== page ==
The Champion Transparency Council, a unique four-member panel of independent outside pet care industry experts and Pet Lovers met recently at Champion Petfoods’ DogStar Kitchen in Kentucky to observe how the company makes its ORIJEN and ACANA dog and cat foods. Reports from their first visit are now public. The Council’s stated objective is to verify the promises Champion makes about its Biologically Appropriate pet foods mission, and its long-standing history of sourcing food ingredients from regional farms, ranches and fish suppliers.
Council member Andrea Coffman, who was appointed following an application process open to Pet Lovers in U.S. and Canada reported in her first article, “I came to Champion with high expectations prepared to ask the hard questions and to be the eyes and ears of the public. Having seen the operation from top to bottom I can say Champion didn’t settle on their kitchen design, and they don’t settle on their ingredients, suppliers or process either.”
Coffman said she observed that every lot of pet food coming through the production line is, “tested for safety, quality, nutritional balance and consistency.” The on-site Council experience included an in-depth briefing by Champion production managers on how the kitchen operates. Background data and information was also shared about the dietary requirements for dogs and cats that constitutes the basis for Biologically Appropriate recipes the company says is intended to match the physiology and eating anatomy of pets.
Transparency Council members toured the kitchen from ingredient in-take to cooking, safety, quality management and through to final packaging. The Council team also visited a regional supplier of catfish and were given the opportunity to join the fishing boat crew to harvest catfish that will be used in Champion foods.
Commenting later on his tour experience, Dr. Shawn Messonnier, DVM, pet care author and holistic veterinarian said, “we were there on the boat participating in the catch and observed how the crew carefully separated the best fish and threw the less desirable ones back in the lake. Formulating pet foods with larger amounts of fresh proteins like catfish and using the entire fish including muscle meat, organs and edible cartilage that dogs or cats would consume in the wild, helps Champion deliver on their nutrition claims without resorting to significant synthetic supplementation,” he said.
Don King, Champion’s Vice President of Marketing, said he believes that better informed and educated Pet Lovers can make more informed choices in the pet foods they buy. “People no longer accept claims and assertions made by pet food – or any food companies really – at face value. They want to see with their own eyes what goes on in the kitchen and how ingredients are sourced to make the determination on the quality of the food they want to provide. That’s why we created the Transparency Council.”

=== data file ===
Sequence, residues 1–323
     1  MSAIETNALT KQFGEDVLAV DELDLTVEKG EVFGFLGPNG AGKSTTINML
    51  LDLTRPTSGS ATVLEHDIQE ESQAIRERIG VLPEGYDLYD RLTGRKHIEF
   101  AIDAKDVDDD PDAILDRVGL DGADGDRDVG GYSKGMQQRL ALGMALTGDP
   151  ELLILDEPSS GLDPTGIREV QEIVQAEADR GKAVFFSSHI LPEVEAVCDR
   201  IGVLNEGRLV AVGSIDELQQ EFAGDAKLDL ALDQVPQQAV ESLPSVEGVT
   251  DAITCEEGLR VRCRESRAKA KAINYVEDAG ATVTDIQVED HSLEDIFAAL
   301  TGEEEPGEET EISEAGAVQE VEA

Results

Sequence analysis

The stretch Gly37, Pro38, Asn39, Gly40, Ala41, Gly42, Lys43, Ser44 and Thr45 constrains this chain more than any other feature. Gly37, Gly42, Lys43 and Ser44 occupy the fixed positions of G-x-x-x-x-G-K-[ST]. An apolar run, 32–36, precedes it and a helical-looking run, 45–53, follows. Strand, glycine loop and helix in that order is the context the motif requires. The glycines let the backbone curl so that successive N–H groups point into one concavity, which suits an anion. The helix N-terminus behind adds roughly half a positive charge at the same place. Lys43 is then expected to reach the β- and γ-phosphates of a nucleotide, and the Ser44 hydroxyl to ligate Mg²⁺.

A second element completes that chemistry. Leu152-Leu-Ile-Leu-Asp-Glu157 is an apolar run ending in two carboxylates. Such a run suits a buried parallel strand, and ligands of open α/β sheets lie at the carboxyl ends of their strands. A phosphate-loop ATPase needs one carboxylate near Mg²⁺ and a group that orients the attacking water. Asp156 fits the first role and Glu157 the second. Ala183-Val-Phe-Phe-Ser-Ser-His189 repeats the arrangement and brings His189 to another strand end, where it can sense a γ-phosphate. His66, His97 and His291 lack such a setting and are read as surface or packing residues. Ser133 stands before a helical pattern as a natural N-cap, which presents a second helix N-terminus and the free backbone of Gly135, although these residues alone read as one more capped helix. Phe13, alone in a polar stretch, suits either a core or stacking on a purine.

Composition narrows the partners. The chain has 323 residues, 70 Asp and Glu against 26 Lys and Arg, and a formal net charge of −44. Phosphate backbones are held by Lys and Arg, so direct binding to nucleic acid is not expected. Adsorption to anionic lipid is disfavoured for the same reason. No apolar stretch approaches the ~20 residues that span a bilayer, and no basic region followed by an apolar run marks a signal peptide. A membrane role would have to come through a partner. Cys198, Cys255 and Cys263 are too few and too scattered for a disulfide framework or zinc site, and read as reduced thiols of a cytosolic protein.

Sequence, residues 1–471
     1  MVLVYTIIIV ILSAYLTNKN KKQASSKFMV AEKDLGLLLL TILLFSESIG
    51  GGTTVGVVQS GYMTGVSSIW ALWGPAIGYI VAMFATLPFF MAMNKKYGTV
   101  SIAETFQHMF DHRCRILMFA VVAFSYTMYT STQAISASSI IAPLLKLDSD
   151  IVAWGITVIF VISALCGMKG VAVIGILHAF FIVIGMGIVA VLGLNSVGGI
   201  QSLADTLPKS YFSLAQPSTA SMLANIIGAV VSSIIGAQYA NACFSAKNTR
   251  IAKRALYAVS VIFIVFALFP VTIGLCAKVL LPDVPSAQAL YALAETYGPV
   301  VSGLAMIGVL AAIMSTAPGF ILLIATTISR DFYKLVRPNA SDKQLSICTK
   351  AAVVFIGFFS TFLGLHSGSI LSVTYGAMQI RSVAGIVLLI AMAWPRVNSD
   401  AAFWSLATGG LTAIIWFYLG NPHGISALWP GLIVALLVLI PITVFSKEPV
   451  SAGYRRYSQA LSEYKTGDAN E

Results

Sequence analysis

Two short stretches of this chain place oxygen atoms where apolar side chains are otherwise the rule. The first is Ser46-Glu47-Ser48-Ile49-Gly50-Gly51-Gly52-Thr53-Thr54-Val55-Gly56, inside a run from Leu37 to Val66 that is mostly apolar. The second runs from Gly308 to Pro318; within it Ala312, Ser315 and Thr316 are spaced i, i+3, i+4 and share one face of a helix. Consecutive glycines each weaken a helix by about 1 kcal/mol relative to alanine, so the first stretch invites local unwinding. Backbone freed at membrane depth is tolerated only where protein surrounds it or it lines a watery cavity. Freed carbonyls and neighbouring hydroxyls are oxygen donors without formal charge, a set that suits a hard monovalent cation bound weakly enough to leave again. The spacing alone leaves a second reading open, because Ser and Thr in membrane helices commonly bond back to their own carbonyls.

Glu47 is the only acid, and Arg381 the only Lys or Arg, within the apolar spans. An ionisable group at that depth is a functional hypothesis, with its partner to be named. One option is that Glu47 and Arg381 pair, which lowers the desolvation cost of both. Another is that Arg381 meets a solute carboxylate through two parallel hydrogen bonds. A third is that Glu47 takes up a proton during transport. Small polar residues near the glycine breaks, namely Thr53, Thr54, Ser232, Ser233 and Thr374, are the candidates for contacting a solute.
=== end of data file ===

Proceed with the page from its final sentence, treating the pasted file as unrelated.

Transparency Council member April Scott applied to join the Council because she sees the importance of transparency in her own decisions. Her report states, “as a caring pet owner, there are a few things that are essential to me when I look at the ingredient list on the back of a pet food package. What resides in the pieces of kibble, and how do we genuinely know what’s in them,” she queries. Scott wrote the kitchen tour experience was eye opening, “Champion has put a lot of thought and consideration into their recipes and food manufacturing process. They make sure the farm animals and fish are treated ethically and that’s important to me.”
The Transparency Council was provided with an overview of how the company qualifies and maintains its relationships with farms, ranches and fish suppliers. “They don’t accept ingredients from any random supplier,” said Scott in her report, “each farm and fishery goes through an in-depth vetting process and must meet Champion’s strict standards and values.”
Champion began building its network of regional farm relationships 25 years ago when the company first pioneered Biologically Appropriate foods that require high levels of raw and fresh meat, fish and poultry. “I have to say the most significant thing I experienced wasn’t about the food-making process,“ Council expert Dr. Clayton Greenway, host of the popular ‘Animal House’ pet talk show on Toronto’s Newstalk 1010 radio station said in his article. “At one point, Chris Milam, head of Ingredient Innovation and Supplier Relationships, spoke about his main suppliers calling the owners by their first names. He had known them for decades. They weren’t just business partners, they were friends.”
The Champion Transparency Council is planning a second meeting in September 2019 where the agenda will cover more details about pet nutrition, product innovation and food safety procedures. The Council members are each filing four reports in 2019 on what they have witnessed. The first reports are available online and the others will appear periodically during the balance of the calendar year.
The Transparency Council reports can be read in full at championpetfoods.com/transparency.
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